§ Mr. Alan Williams (Swansea, West)
The Minister made the point that the general fund could be used as long as it was not used for party political purposes. Has not the change that has taken place under this Government in relation to the Civil Service become party political? Was not one of the Prime Minister's earliest phobias the Civil Service, with a selective public pay policy and her campaign against public sector pensions? Are not the Civil Service unions genuinely questioning how far they can use their general funds to protect themselves against the Prime Minister's meddling?
§ Mr. Brooke
The law remains the law. The purpose of the statement was to bring home the fact that the activities in which the Civil Service may wish to enter, provided they are not party political, can be funded out of general funds.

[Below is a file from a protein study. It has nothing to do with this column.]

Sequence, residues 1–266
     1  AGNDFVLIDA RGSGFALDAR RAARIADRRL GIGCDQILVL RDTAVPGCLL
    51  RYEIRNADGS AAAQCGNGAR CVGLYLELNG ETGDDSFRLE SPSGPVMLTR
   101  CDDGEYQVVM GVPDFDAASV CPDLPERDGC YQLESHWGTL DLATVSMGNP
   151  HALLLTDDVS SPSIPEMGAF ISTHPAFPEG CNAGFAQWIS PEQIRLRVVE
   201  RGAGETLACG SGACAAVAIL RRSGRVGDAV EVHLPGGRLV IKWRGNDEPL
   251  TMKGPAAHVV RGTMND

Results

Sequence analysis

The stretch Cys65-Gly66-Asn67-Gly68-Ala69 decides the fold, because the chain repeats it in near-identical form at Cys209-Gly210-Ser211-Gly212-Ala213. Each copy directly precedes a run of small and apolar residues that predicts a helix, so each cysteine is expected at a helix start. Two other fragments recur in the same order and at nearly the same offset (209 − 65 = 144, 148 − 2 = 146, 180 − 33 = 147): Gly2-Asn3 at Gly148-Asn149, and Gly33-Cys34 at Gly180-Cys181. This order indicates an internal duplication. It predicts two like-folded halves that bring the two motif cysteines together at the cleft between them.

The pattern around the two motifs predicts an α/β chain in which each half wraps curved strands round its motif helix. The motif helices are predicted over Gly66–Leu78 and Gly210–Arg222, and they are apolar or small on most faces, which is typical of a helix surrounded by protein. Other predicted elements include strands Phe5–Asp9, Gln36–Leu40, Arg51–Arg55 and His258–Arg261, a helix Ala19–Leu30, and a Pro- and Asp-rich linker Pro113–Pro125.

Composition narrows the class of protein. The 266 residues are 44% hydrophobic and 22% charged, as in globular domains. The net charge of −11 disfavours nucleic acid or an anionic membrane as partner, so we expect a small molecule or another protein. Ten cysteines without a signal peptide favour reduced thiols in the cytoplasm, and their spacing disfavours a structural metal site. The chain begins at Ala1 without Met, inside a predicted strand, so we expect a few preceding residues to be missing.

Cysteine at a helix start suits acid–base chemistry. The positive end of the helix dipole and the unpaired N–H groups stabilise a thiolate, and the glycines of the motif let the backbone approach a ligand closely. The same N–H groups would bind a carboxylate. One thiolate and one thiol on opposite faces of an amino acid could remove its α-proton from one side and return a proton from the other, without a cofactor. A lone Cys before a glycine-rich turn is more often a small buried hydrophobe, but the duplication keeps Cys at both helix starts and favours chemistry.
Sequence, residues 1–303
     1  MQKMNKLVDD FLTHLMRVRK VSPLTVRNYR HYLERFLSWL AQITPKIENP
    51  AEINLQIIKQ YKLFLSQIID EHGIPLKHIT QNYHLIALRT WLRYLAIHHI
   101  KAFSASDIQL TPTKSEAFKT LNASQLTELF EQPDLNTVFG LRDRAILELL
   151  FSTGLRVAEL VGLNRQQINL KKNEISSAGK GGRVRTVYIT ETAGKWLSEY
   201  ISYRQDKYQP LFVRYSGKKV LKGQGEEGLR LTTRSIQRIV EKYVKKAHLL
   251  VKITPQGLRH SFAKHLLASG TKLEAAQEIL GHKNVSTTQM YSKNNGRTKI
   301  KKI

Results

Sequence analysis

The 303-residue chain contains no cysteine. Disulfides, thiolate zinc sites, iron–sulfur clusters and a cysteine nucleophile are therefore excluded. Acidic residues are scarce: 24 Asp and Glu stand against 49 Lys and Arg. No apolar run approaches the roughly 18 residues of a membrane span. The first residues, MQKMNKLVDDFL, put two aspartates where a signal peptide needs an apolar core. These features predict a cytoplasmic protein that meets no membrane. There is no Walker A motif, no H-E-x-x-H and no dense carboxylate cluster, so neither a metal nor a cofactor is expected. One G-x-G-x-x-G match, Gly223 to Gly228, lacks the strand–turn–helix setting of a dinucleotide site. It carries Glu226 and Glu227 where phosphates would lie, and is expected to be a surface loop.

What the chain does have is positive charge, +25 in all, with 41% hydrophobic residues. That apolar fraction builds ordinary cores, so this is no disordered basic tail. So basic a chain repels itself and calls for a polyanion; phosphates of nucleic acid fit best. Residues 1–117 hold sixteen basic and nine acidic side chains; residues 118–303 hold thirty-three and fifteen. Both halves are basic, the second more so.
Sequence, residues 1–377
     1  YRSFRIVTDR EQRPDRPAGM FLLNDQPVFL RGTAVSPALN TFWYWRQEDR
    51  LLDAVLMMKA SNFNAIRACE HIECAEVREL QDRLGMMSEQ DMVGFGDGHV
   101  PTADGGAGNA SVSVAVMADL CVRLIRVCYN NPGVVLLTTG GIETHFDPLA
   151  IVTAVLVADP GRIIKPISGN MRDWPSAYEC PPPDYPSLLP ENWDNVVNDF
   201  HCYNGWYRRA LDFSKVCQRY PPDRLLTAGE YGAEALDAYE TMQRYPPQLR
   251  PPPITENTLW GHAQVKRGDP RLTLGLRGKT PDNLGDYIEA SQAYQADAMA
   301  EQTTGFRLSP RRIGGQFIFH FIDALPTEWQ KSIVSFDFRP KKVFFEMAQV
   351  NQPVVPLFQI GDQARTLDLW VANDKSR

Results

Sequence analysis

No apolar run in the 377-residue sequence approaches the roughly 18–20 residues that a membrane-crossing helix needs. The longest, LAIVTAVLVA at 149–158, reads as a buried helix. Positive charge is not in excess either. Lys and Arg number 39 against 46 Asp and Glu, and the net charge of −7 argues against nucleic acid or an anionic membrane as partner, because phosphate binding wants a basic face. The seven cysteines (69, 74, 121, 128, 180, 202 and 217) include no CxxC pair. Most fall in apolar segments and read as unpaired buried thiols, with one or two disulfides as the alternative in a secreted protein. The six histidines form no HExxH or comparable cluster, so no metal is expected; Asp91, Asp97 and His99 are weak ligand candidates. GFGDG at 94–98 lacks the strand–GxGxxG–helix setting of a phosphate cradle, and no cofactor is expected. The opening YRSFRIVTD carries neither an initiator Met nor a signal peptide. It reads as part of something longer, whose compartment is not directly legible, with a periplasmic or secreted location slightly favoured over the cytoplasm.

§ Mr. Dennis Skinner (Bolsover)
Is the Minister aware that as a result of his statement he has almost certainly given an added boost to the prospect of success in the ballots? Is it not a scandal that we have a Government who have been telling civil servants that it is their job to defend Ministers all down the line but that they are not allowed to defend themselves against the Minister by having a political fund? Why are civil servants picked out for special treatment? They occasionally have to suffer the sack. They have to fight for their wages. They have to do all the things that many other workers have to do. Some of them need to buy Labour Research, like the right hon. Gentleman the leader of the Social Democrats who used all the information from it this morning for the point of order that he raised.
§ Mr. Brooke
As I said in my statement, union members should also know that the creation of such funds will not be seen as being in keeping with the political neutrality of the Civil Service which has to serve Governments of any political persuasion. The Government have made the statement merely to have those issues of public interest in the public domain.